ORCID

http://orcid.org/0000-0002-7248-5292

Date of Award

Spring 5-15-2016

Author's School

Graduate School of Arts and Sciences

Author's Department

Economics

Degree Name

Doctor of Philosophy (PhD)

Degree Type

Dissertation

Abstract

My dissertation is centered on economic heterogeneity endogenously derived from market imperfections or changes in technology. By introducing specific assumptions that capture a market imperfection or a change in technology, I study how the economic realities can affect resource distributions and aggregate outcomes in an equilibrium.

Chapter 1 studies the economic impacts of business groups by focusing on their pyramidal ownership structure given capital market imperfections. An entrepreneur can alleviate financial frictions by creating a pyramidal business group in which a parent firm offers its subsidiary firm internal equity finance. This endogenous creation of pyramidal business groups can beget asymmetric financial frictions between business-group and stand-alone firms. I build a model to show that these asymmetric financial frictions can have sizable effects on resource allocation. On one hand, the financial advantage of pyramidal business groups can foster productive firms by incorporating subsidiaries. On the other hand, the asymmetrically large amount of external capital controlled by pyramidal business groups can push up the price of capital and hinder the growth of stand-alone firms. The model suggests that pyramidal business groups can improve the factor allocation of an economy with poor investor protection in which external capital markets are underdeveloped, but worsen the factor al- location of an economy with fine investor protection in which excessive capital is used up by unproductive business-group firms.

Chapter 2 investigates consequence of declining labor shares in manufacture. I show that a Cobb-Douglas production function can be generated with a technology that substitutes capital for labor and decreases labor shares. A simple two-sector model is used to examine consequences of declining labor shares. The model suggests that a declining labor share in manufacture can be accompanied with an increase in the labor productivity dispersion, a decrease in the labor price, and an increase in the land price.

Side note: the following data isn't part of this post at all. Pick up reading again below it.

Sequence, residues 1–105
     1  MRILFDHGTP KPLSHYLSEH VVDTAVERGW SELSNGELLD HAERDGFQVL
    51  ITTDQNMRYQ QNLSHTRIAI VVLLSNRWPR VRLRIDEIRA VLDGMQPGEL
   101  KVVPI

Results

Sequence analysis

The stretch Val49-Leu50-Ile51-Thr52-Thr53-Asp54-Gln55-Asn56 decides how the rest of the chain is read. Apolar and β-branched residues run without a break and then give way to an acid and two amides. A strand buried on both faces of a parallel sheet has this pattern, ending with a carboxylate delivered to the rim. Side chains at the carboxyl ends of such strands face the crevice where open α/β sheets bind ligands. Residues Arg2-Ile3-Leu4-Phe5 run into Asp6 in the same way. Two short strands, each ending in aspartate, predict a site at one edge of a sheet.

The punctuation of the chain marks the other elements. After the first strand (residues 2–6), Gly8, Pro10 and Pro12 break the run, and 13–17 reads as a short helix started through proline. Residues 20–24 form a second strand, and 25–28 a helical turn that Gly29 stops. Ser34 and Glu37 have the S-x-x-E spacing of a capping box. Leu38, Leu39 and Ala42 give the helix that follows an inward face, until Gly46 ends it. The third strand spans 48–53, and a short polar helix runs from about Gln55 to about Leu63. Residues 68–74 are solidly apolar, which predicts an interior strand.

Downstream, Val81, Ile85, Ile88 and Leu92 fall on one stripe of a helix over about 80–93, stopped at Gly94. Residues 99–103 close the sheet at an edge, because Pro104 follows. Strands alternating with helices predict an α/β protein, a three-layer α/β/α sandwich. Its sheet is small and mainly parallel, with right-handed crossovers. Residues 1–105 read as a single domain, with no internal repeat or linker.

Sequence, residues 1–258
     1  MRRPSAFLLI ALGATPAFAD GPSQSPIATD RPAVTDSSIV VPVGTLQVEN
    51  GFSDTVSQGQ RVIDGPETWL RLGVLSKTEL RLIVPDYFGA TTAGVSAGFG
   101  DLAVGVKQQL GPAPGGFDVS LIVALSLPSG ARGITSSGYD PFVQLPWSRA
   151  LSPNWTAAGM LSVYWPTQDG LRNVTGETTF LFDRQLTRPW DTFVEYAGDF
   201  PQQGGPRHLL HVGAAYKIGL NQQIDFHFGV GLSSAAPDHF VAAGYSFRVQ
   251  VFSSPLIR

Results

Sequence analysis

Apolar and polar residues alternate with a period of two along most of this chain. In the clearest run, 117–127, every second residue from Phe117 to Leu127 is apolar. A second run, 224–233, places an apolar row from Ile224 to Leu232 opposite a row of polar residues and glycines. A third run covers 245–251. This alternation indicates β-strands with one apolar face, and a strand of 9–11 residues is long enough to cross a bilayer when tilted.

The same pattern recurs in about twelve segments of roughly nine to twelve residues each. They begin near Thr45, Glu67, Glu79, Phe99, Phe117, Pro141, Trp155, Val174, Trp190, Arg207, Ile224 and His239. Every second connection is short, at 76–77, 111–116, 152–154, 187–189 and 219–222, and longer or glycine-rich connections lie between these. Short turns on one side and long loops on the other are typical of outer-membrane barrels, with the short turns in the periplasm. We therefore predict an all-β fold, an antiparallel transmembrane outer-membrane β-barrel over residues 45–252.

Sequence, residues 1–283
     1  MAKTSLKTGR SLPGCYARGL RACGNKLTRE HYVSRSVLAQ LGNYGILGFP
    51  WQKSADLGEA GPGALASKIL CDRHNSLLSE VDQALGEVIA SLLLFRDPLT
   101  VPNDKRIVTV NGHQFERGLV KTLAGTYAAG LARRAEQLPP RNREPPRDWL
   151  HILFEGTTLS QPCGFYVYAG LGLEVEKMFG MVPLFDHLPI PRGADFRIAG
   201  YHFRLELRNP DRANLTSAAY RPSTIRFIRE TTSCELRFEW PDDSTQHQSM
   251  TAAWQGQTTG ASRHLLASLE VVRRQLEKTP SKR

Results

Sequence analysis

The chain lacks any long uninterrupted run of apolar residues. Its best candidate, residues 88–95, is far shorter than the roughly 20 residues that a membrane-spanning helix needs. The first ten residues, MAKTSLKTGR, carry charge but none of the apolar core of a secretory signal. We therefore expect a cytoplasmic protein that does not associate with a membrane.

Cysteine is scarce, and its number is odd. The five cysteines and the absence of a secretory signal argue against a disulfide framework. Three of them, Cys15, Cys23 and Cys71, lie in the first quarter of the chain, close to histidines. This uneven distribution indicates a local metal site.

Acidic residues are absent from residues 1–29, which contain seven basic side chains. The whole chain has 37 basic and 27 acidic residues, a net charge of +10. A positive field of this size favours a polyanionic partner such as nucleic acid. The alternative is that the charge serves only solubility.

Chapter 3 researches the possibility that changes in the number of households simultaneously purchasing durable goods can create a business cycle. Heterogeneous timings of durable goods purchases are examined as an extensive margin of aggregate consumption. I develop a model in which each household holds money to purchase durable goods and optimizes its purchase timing given adjustment costs. The model shows that a shock common to all households such as a change in the expected inflation rate or government transfers can synchronize durable goods purchases across households. I argue that altering the number of households simultaneously purchasing durable goods can generate a sizable, long- lasting business cycle without the help of sticky prices or shocks to TFP.

Language

English (en)

Chair and Committee

Yongseok Shin

Committee Members

Costas Azariadis, Rodolfo Manuelli, Bruce Petersen, David Wiczer,

Comments

Permanent URL: http://dx.doi.org/10.7936/K70P0XBS

Included in

Economics Commons

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